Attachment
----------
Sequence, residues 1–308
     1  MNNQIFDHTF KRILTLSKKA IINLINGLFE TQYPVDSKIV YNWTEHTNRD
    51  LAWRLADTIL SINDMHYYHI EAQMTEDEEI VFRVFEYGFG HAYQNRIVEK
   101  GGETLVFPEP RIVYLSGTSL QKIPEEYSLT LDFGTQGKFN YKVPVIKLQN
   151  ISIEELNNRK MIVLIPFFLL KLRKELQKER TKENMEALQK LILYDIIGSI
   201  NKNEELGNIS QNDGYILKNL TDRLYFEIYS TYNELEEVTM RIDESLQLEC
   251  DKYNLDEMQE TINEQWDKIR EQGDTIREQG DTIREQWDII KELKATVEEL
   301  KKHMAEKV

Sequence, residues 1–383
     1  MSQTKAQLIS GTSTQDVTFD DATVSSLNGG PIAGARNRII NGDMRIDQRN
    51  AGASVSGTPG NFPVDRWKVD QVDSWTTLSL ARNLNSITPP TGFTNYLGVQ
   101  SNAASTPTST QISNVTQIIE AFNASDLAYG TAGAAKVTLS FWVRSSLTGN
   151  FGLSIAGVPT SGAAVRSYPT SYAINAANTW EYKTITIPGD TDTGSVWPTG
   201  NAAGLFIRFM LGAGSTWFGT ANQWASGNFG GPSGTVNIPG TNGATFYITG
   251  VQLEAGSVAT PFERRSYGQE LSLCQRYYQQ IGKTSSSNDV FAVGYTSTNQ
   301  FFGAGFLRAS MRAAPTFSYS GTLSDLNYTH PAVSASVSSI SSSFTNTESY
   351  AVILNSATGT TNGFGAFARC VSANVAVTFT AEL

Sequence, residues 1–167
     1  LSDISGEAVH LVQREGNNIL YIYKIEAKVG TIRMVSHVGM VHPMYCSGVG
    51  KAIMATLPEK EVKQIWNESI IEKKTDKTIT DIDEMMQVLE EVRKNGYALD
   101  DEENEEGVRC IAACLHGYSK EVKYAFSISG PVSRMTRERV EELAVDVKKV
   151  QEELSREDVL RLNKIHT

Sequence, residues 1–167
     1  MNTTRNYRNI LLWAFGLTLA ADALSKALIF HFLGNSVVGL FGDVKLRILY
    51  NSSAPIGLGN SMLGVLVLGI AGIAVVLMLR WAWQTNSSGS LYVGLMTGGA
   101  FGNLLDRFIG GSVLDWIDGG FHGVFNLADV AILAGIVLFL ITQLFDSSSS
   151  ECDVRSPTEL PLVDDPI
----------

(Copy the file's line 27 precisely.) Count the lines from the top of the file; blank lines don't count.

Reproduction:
   151  ECDVRSPTEL PLVDDPI